Date of Birth:
Date of Death:
Place of Birth: Virginia, Minnesota
Cheryl Chodun was born in Virginia, Minnesota, to Helen Walt and Samuel Eder. Cheryl's family roots were in eastern and central Europe, but she spent her earliest years in a tiny Jewish community in northwest Minnesota. After moving to Michigan with her family, Cheryl attended public schools before entering Ferndale High School and Wayne State University. It was at Wayne that she met her husband, Stan. They were married when she was twenty years old.
After graduation from Wayne State, Cheryl taught school briefly in Royal Oak, but left to raise two young children. She was interested in getting a position in journalism because "I had a background in English and liked to write." She walked into the office at the Southfield Eccentric sporting pigtails and wearing jeans with her two children on her hip and asked for an interview. Later, when she was called back she quickly "bought a suit." The new job launched her career as a freelance writer.
The Southfield Eccentric position led to a job at the Detroit News and then to radio and finally to WXYZ Channel 7, one of the three major television stations in metropolitan Detroit.
During her career, Cheryl covered every kind of story imaginable. She interviewed presidents and prisoners, and covered disasters and demonstrations. She spent thirty-five years in the news business. Because of Cheryl's position as a reporter, she had the opportunity to fly on future President Bill Clinton's press plane when he was running for office. She also covered the Detroit visits of Pope John Paul II and also Nelson Mandela. Cheryl worked with many of Detroit's most noted news personalities, including Bill Bonds and Diana Lewis.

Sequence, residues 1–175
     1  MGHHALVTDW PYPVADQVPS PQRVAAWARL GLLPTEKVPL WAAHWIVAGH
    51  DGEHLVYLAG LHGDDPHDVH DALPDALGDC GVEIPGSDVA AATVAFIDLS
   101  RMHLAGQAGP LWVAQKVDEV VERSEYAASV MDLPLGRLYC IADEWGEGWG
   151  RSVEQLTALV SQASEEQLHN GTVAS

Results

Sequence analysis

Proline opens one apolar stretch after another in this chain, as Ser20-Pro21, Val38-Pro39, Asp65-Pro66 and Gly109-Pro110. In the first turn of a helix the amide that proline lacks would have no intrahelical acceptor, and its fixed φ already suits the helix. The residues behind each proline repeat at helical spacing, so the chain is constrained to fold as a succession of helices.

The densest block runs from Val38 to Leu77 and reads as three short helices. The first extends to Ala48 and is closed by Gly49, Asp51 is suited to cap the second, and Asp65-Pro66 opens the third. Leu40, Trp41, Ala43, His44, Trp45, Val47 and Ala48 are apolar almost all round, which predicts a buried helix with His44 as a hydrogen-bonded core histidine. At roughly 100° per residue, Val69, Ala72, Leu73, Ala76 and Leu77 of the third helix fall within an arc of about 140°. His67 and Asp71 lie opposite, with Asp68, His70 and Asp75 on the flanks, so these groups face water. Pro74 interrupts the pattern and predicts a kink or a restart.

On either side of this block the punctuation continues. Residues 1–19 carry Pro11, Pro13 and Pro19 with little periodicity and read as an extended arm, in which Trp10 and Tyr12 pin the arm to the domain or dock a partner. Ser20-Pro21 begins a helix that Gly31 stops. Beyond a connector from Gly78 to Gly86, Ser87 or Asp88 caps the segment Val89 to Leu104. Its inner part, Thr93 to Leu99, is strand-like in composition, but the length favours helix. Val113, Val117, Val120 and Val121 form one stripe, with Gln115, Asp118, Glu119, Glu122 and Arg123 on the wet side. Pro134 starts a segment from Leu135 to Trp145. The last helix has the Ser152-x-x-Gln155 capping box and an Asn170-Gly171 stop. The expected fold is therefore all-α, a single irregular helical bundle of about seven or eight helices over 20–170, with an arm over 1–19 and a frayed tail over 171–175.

Cheryl was often the first reporter on the scene. But, as she teaches her journalism students at Madonna University and Lawrence Technological University, being first or breaking the story is only "great" if all the facts are correct: "A good reporter must be respectful, compassionate, and caring." When the news she covered involved tragedy or loss, it was not unusual for her to bond with the victims or their families.
In 2014, Cheryl was inducted into the Michigan Journalism Hall of Fame.
A colleague gave her the nickname, "Choo Choo," referring to her persistence and perseverance. "I would never give up," she states, until she got the story or until secured the job.
"I can teach everything to journalism students except passion," hoping her own passion is contagious. She has been described as "tenacious but trusted...respected and responsible."
Cheryl brought her compassion to people into her community. When she was not working, Cheryl contributed as a volunteer to the Jewish community. She never turned down a request to address a Jewish organization or serve as a master of ceremonies. She walked and spoke on behalf of finding a cure for cancer.
When Cheryl retired from Channel 7 in 2013, she said she felt "blessed to be able to do something she so loved for so long and hoped she made a difference in the lives of the people whose stories she was able to tell."
Written by Jeannie Weiner in collaboration with Cheryl Chodun